The physical make up of your airway such as excess tissue, enlarged tongue and/or uvula (punching back looking thing in your throat) and tonsils may cause your snoring and upper airway resistance.

I hear it all the time; “I only snore when I sleep on my back”. Do you know why that is? Positional and sleep stage related snoring is most commonly heard while you are on your back and may or may not be in REM (rapid eye movement) stage of sleep. When we sleep on our back gravity shows us that our airway is most susceptible to collapse. Add in REM sleep, a stage best described as an active mind in a paralyzed body, and you have a full loss of muscle tone to create sleep disordered and loud snoring.

Alcohol is a depressant that relaxes the muscles making the airway more susceptible to collapse and produce snoring as well as apnea events. Ever wonder why your snoring seems so much louder and more frequent when you’ve had a few to drink? Now you know why.

What Are The Dangers of Snoring?

Strain to personal relationships. It goes without saying that it is common knowledge that some spouses sleep in different rooms and the wedge that drives them apart often times is the loud snoring. Not only is this disruptive to your sleep stages but also the sleep stages of the person lying next to you.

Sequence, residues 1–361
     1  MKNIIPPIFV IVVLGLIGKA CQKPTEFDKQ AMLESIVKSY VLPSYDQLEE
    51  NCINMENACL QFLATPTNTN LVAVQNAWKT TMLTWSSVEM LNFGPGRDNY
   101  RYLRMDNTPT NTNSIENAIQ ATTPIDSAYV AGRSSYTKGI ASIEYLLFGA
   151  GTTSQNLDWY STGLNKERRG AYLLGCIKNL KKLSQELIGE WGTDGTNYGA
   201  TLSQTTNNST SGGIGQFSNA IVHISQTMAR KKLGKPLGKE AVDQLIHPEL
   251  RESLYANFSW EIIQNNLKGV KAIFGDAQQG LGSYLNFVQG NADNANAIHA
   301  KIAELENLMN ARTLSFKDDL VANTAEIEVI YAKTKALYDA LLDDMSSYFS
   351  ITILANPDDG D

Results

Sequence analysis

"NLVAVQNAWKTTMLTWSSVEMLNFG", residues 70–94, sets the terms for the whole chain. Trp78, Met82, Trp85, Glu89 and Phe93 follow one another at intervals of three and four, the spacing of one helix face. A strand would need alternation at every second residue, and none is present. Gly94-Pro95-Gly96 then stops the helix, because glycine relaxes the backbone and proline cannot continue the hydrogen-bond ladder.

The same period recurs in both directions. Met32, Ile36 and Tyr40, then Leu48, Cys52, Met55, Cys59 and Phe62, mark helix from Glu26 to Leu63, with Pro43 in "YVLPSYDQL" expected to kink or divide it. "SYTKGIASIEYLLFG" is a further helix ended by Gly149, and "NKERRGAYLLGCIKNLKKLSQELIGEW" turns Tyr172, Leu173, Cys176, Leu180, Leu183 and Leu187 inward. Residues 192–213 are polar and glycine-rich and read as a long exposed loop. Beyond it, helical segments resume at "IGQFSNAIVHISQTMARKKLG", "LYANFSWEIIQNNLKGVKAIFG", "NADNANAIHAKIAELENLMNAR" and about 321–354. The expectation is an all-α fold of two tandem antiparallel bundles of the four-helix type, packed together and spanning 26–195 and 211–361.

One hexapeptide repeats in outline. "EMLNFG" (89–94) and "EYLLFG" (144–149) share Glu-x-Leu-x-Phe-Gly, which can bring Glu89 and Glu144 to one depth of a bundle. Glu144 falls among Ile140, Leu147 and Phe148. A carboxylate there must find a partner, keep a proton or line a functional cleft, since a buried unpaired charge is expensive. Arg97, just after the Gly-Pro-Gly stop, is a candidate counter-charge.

Progression to sleep disordered breathing events such as apneas (cessation of airflow from a blocked airway), hypopneas, upper airway resistance syndrome, sleep fragmentation, and respiratory related arousals, prevent you from entering a deeper stage of sleep.

Sleep Apnea and Death
If Left Untreated, Sleep Apnea Can Lead to Co-Morbid Conditions and Even Death

The health risks associated with untreated obstructive sleep apnea are well documented through research and can be deadly with links to hypertension (high blood pressure), heart failure, stroke, diabetes.  Sufferers may also experience depression, excessive daytime fatigue, moodiness, irritability and sexual dysfunction. Needless to say, snoring can be an indicator or warning sign of a more serious sleep disorder breathing (SDB) event.